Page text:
Chronic pain affects over 100 million Americans, which is more than diabetes, heart disease and cancer combined. Total health care cost due to pain ranges from $261 to $300 billion annually combined with economic costs related to disability days and lost wages and productivity totals $560 to $635 billion annual cost (Gaskin and Richard). More concerning than cost is the current epidemic of opioid abuse. With few options in conventional medicine to address chronic pain the over prescription of opiates is at an all-time high. In the CDC Guideline for Prescribing Opioids for Chronic Pain in March of 2016 they estimated that in 2012, health care providers wrote 259 million prescriptions for opioid pain medication, enough for every adult in the United States to have a bottle of pills (Dowell, Haegerich and Chou).
The most common types of pain according to the National Institute of Health Statistics survey indicated that lower back pain was the most common (27%), followed by severe headaches or migraine pain (15%), neck pain (15%) and facial aches or pain (4%) (“American Academy of Pain Medicine – Get The Facts On Pain”). This type of pain is most often neuropathic pain meaning the nerve fiber itself is damaged or injured. Perineural injection therapy specifically targets this type of pain. It involves superficial injections of dextrose along nerve pathways. The dextrose calms down the inflammation around the nerve allowing time for the nerve to heal. People often experience instant relief from their pain that can last hours to days and eventually years. Most patients will usually need 6-8 treatments done weekly resulting in gradual reduction of pain eventually resulting in prolonged periods of relief. Prolonged periods could be years to permanent relief from pain. Dextrose which is a form of glucose is extremely safe and widely used as an injectable and as an IV solution. There is minimal risk of infection or adverse reaction with the subcutaneous injection and there have been no allergic reactions observed.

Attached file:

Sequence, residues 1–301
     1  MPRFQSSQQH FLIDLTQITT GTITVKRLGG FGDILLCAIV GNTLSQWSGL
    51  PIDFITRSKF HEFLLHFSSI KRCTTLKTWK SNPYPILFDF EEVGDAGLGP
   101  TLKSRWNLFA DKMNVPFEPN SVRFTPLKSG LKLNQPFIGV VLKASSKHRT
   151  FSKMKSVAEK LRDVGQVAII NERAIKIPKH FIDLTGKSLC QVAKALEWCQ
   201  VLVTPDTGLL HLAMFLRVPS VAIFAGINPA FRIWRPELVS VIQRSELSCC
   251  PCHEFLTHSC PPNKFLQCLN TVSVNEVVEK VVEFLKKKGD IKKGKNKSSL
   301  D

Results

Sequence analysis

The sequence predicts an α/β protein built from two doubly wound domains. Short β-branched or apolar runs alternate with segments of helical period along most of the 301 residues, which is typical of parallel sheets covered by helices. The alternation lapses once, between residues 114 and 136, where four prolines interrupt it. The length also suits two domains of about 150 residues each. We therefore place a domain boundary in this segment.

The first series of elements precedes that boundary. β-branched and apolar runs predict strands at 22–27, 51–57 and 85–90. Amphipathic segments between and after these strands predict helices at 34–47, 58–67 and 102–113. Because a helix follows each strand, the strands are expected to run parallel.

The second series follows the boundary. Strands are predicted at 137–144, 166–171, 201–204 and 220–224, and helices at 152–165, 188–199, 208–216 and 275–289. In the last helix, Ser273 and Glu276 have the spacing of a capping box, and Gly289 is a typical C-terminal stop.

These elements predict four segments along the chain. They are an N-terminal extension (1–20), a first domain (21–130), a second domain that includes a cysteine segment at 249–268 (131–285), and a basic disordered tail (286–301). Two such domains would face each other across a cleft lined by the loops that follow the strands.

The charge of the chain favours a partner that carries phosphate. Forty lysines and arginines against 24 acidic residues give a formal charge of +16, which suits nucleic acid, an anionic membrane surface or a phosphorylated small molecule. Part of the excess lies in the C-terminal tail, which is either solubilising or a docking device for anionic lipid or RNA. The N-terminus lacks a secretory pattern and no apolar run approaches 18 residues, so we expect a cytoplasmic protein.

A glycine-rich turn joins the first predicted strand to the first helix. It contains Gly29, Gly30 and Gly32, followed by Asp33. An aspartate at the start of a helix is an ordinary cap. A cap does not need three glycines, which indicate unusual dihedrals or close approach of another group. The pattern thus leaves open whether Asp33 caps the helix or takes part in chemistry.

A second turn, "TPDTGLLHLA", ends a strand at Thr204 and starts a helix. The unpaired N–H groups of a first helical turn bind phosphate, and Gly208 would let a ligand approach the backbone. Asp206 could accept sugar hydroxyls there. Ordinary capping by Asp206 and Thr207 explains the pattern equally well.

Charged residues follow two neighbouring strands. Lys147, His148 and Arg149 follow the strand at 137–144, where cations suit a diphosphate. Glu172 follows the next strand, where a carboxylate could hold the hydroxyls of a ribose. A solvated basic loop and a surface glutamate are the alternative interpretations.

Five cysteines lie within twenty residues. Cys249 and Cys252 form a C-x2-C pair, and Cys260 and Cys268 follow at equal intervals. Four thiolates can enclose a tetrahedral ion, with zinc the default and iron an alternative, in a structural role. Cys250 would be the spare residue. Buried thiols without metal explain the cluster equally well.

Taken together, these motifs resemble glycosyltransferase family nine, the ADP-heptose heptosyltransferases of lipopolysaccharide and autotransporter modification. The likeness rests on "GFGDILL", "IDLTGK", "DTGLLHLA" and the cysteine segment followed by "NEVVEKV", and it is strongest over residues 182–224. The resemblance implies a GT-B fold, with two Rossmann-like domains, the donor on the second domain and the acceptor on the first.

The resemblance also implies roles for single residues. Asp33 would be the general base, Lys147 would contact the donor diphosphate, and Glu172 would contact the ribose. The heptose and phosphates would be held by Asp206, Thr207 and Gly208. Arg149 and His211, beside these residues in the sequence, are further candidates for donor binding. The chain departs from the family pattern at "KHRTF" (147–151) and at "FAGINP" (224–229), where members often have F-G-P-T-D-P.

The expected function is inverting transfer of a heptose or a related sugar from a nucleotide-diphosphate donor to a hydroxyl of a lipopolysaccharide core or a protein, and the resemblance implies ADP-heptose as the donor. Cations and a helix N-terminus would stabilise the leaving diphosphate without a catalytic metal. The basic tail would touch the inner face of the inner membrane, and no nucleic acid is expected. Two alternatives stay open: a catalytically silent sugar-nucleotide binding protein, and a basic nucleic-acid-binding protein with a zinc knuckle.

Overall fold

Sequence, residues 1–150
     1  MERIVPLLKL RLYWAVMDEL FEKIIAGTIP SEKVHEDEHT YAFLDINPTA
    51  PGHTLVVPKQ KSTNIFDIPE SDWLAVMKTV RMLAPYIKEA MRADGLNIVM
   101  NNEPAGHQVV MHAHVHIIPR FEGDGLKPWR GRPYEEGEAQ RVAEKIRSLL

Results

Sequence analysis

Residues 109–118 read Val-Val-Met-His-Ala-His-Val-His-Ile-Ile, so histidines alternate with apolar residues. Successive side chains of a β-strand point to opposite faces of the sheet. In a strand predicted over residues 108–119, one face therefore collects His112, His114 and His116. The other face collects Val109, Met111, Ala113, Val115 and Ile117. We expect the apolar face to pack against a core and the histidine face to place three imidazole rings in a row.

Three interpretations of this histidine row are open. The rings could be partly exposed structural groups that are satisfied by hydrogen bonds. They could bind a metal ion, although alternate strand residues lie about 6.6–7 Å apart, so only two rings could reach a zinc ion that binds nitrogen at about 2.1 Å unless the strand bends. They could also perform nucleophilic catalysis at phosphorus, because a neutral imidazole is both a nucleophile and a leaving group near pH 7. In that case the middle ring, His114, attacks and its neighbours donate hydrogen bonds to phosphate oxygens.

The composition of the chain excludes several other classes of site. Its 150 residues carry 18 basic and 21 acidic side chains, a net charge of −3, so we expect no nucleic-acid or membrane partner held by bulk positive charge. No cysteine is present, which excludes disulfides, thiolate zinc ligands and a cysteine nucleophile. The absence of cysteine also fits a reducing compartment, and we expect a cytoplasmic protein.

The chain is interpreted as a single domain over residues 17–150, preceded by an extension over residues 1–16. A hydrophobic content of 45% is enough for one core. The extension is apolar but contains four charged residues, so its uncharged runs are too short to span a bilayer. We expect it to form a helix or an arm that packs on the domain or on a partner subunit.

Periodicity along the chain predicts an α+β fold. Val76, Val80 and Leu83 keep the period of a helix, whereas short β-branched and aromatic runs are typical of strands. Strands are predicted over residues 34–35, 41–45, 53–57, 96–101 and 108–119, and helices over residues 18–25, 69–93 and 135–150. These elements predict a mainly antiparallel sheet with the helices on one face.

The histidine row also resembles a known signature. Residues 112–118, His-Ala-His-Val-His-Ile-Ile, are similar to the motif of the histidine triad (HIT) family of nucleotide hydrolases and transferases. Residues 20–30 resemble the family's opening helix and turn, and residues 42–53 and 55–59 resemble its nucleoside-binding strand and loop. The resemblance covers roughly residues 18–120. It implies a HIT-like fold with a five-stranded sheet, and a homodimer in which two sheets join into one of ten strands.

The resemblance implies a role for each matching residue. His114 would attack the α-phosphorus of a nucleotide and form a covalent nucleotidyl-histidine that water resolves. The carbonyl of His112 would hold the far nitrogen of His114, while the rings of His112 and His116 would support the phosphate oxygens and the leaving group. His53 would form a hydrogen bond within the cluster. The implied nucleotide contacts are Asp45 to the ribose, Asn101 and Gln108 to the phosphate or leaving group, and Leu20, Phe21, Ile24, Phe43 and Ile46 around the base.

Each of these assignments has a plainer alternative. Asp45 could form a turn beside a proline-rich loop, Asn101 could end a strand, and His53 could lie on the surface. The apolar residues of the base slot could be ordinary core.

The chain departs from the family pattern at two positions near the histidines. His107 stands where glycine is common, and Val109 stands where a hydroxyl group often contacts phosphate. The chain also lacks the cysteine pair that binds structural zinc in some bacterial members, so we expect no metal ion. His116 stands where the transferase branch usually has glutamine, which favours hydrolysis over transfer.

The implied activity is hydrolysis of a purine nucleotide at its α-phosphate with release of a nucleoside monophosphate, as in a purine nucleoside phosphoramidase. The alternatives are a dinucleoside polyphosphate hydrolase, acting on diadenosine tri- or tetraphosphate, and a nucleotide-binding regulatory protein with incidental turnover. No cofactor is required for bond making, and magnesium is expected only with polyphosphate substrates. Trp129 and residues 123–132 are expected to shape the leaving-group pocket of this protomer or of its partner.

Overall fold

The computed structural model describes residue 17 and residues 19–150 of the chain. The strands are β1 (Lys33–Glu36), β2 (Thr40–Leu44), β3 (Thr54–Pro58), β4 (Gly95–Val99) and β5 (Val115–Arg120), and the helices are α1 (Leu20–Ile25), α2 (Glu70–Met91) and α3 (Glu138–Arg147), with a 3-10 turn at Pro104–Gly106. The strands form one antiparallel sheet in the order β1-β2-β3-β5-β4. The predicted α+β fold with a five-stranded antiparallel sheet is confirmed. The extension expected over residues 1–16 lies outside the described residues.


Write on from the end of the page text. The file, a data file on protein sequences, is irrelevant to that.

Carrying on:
There are many different causes and perceptions of pain and a thorough work up needs to be done to adequately determine the source or sources of that pain. The causes for chronic pain includes infection, malignancies, various autoimmune disorders, vasculitis, diabetes, sarcoidosis, nutritional deficiencies, compression or trauma, drug induced, inherited or idiopathic neuropathies, among other possibilities.
Like the many causes and perceptions of pain, there are many alternative treatments for pain not only including perineural injection therapy, but also including yoga, meditation, mindfulness, breathing exercises, manual/structural therapies, tai chi and qi gong. These modalities are less invasive and should strongly be considered as a first line treatment for pain.
I will leave you with one final quote from the director of the CDC discussing the current opioid epidemic. “For the vast majority of patients, the known, serious and all too often fatal risks far outweigh the unproven and transient benefits, and there are safer alternatives.” CDC Director Tom Frieden, MD, MPH. (“CDC Press Releases – Prescribing Opioids Guidelines”)
“American Academy Of Pain Medicine – Get The Facts On Pain”. Painmed.org. N.p., 2016. Web. 27 Dec. 2016. http://www.painmed.org/patientcenter/facts_on_pain.aspx#prescription
Gaskin, Darrell and Patrick Richard. “The Economic Costs Of Pain In The United States”. Ncbi.nlm.nih.gov. N.p., 2016. Web. 29 Dec. 2016.. https://www.ncbi.nlm.nih.gov/books/NBK92521/
Dowell, Deborah, Tamara M. Haegerich, and Roger Chou. “CDC Guideline For Prescribing Opioids For Chronic Pain — United States, 2016”. CDC. N.p., 2016. Web. 29 Dec. 2016. https://www.cdc.gov/mmwr/volumes/65/rr/rr6501e1.htm
“CDC Press Releases – Prescribing Opioids Guidelines”. CDC. N.p., 2016. Web. 29 Dec. 2016. https://www.cdc.gov/media/releases/2016/p0315-prescribing-opioids-guidelines.html